The point is that the number of ways to select 2 out of 8 is NOT 8*7=56 it's \(C^2_8=28\) and the number of ways to select 2 out of 6 is NOT 6*5=30 it's \(C^2_6=15\).

Hope it's clear.

Hi Bunnel,

In this question why we not dividing by 3! ?

2c1 * {(8c2*6c2*4c1)/3!}

and why do we do so in the below question?

The Carson family will purchase three used cars. There are two models of cars available, Model A and Model B, each of which is available in four colors: blue, black, red, and green. How many different combinations of three cars can the Carsons select if all the cars are to be different colors?

a) 24 b) 32 c) 48 d) 60 e) 192

Because for this case the order of the selection matters: A = defense, B = midfield, C = forward is different from B = defense, A = midfield, C = forward, ... Therefore here we don't need factorial correction. While for "Carson family" problem Blue A/Black A/Red A is the same as Black A/Red A/Blue A...

Re: A Coach is filling out the starting lineup for his indoor [#permalink]

Show Tags

23 Sep 2014, 07:42

amkabdul wrote:

Guys... since we have 6 positions in the field which are to be filled with 10 players.

Look at this: Filling the goal keeper position in 2 ways. Next: the rest of the 5 positions are to be filled with 8 players and each player at a different position would be 8p5 But since we have 2 positions each for the defence and mid. divide it with 2! twice.

So answer is : 2* (8P5/(2!*2!)) = 3360

A very simple and easy approach based on the basics of P 'n C

Kudo me if you like this.

Agreed about the permutations approach. I was under the impression that we use permutations when there are places specified in the group, as there are here. I dont understand the combinations approach at all. For eg, in how many ways can you select a president and VP from a group of 6. Should be 6*5=30, or 6P2= 30.

Can someone please point me in the direction where I can understand when to apply C and when to apply P. I understand that P is applied when order is imp, but the problem is, that when selecting president and VP from a group, order shouldn't be important. AB or BA is the same, and therefore, even those should be solved by using combinations. I hope I'm explaining my confusion well enough for someone to help me

the problem is, that when selecting president and VP from a group, order shouldn't be important. AB or BA is the same

If you're choosing a President and Vice-President, and you choose A for President and B for VP, that's very different from choosing B for President and A for VP -- you have a different President! So when you're choosing a President and VP, order is very important, and AB and BA are not the same selection.
_________________

GMAT Tutor in Toronto

If you are looking for online GMAT math tutoring, or if you are interested in buying my advanced Quant books and problem sets, please contact me at ianstewartgmat at gmail.com

Re: A Coach is filling out the starting lineup for his indoor [#permalink]

Show Tags

21 Nov 2014, 02:21

Just wondering, why are we not just applying 2*8*7*6*5*4 ? Since the 8 remaining players can play anywhere, why do we need to differentiate Midfield vs defence vs forward?

Re: A Coach is filling out the starting lineup for his indoor [#permalink]

Show Tags

29 Nov 2015, 03:53

Hello from the GMAT Club BumpBot!

Thanks to another GMAT Club member, I have just discovered this valuable topic, yet it had no discussion for over a year. I am now bumping it up - doing my job. I think you may find it valuable (esp those replies with Kudos).

Want to see all other topics I dig out? Follow me (click follow button on profile). You will receive a summary of all topics I bump in your profile area as well as via email.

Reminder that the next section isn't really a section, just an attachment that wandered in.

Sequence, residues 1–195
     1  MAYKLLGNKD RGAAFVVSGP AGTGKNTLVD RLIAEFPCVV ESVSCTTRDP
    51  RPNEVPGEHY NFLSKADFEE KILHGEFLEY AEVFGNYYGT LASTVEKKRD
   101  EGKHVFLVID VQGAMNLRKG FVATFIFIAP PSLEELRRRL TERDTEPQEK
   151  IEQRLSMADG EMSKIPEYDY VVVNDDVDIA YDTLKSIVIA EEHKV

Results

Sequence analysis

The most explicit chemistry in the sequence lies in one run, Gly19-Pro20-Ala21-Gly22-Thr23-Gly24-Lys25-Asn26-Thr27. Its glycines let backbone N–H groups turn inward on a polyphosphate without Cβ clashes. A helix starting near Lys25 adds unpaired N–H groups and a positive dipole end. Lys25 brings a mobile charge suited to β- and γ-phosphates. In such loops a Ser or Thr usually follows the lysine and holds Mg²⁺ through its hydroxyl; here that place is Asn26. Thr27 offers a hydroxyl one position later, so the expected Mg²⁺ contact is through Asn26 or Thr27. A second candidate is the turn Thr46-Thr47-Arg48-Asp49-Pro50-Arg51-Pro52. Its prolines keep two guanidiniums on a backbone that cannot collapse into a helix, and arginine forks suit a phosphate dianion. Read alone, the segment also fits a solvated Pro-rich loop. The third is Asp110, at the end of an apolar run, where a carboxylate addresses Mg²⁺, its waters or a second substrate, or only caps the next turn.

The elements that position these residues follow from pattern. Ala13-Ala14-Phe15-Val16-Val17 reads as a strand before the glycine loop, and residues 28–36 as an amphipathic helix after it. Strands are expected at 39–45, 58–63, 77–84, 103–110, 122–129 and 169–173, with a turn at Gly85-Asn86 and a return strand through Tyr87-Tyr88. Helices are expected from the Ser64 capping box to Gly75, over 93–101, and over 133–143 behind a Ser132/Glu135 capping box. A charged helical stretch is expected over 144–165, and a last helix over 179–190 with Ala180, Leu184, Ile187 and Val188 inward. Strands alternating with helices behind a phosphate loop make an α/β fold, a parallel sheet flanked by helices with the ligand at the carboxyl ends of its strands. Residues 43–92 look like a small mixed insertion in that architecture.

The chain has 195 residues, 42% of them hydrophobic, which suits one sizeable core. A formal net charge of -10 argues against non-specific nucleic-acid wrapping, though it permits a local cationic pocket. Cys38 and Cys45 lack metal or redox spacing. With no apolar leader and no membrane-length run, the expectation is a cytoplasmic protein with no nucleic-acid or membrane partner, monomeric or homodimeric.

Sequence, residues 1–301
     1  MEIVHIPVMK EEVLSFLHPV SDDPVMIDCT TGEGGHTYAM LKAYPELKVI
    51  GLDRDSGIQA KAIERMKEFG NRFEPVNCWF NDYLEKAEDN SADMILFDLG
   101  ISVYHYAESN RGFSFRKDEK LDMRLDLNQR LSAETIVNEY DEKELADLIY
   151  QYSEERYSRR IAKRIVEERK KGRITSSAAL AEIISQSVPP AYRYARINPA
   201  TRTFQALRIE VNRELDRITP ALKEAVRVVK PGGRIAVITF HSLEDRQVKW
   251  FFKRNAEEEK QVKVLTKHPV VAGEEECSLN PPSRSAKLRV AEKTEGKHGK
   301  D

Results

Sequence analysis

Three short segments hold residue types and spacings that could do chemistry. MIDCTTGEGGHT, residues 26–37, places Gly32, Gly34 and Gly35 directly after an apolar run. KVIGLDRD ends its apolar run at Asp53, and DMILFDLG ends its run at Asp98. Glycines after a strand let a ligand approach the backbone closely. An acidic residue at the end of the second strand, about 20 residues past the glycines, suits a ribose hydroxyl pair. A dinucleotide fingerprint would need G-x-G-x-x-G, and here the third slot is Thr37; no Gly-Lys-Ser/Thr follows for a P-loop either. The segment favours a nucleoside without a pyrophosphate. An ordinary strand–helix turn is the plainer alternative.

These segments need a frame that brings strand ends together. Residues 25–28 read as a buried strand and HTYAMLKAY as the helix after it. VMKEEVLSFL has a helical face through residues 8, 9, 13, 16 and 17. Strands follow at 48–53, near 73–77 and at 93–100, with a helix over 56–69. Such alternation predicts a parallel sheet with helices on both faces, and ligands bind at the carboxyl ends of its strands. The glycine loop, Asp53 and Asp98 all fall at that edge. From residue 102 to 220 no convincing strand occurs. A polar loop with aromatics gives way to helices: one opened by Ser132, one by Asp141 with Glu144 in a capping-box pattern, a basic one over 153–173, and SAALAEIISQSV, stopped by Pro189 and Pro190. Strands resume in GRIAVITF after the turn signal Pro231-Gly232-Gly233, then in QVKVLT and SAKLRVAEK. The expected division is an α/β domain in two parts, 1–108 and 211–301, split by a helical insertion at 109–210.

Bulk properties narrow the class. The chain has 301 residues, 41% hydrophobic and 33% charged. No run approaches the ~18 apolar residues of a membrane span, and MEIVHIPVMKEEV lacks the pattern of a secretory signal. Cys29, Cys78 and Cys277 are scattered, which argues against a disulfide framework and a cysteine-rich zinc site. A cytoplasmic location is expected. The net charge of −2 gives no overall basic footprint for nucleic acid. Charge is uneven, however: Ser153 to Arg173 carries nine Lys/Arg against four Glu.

_________________

Re: A Coach is filling out the starting lineup for his indoor [#permalink]

Show Tags

22 Jan 2017, 10:35

Hello from the GMAT Club BumpBot!

Thanks to another GMAT Club member, I have just discovered this valuable topic, yet it had no discussion for over a year. I am now bumping it up - doing my job. I think you may find it valuable (esp those replies with Kudos).

Want to see all other topics I dig out? Follow me (click follow button on profile). You will receive a summary of all topics I bump in your profile area as well as via email.
_________________

Re: A Coach is filling out the starting lineup for his indoor [#permalink]

Show Tags

25 Jan 2017, 10:22

rvthryet wrote:

A Coach is filling out the starting lineup for his indoor soccer team. There are 10 boys on the team, and he must assign 6 starters to the following positions: 1 goalkeeper, 2 on defence, 2 in midfield, and 1 forward. Only 2 of the boys can play goalkeeper, and they cannot play any other positions. The other boys can each play any of the other positions. How many different groupings are possible?

A. 60 B. 210 C. 2580 D. 3360 E. 151200

We are given that there are 10 boys available to fill the following positions:

1 goalkeeper, 2 defenders, 2 midfielders, and 1 forward.

We are also given that only 2 of the boys can play goalkeeper.

Thus, we can select the goalkeeper in 2C1 = 2 ways.

We now have 8 boys left and need to select 2 defenders from those 8 boys:

8C2 = (8 x 7)/2! = 28 ways

We now have 6 boys left and need to select 2 midfielders:

6C2 = (6 x 5)/2! = 15 ways

We now have 4 boys left and need to select 1 forward:

4C1 = 4

Thus, the number of ways to select 6 starters is:

2 x 28 x 15 x 4 = 3,360

Answer: D
_________________

Jeffrey Miller Jeffrey Miller Head of GMAT Instruction

gmatclubot

Re: A Coach is filling out the starting lineup for his indoor
[#permalink]
25 Jan 2017, 10:22

Its been long time coming. I have always been passionate about poetry. It’s my way of expressing my feelings and emotions. And i feel a person can convey...

Written by Scottish historian Niall Ferguson , the book is subtitled “A Financial History of the World”. There is also a long documentary of the same name that the...

Post-MBA I became very intrigued by how senior leaders navigated their career progression. It was also at this time that I realized I learned nothing about this during my...